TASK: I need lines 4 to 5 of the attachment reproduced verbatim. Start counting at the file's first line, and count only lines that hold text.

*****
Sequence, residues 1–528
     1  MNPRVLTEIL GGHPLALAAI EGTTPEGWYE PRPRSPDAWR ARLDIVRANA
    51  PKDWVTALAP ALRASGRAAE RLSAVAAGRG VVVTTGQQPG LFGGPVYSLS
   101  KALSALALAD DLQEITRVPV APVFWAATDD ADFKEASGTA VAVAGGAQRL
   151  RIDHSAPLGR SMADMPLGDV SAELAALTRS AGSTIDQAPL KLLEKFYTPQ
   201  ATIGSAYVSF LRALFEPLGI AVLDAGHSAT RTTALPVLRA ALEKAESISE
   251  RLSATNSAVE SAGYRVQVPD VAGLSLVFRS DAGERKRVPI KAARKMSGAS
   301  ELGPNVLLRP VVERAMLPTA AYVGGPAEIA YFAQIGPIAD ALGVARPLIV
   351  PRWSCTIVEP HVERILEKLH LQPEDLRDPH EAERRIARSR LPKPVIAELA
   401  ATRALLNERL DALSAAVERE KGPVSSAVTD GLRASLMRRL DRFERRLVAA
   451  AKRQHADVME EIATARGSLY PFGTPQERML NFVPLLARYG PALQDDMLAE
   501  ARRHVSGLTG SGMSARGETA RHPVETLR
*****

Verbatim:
   101  KALSALALAD DLQEITRVPV APVFWAATDD ADFKEASGTA VAVAGGAQRL
   151  RIDHSAPLGR SMADMPLGDV SAELAALTRS AGSTIDQAPL KLLEKFYTPQ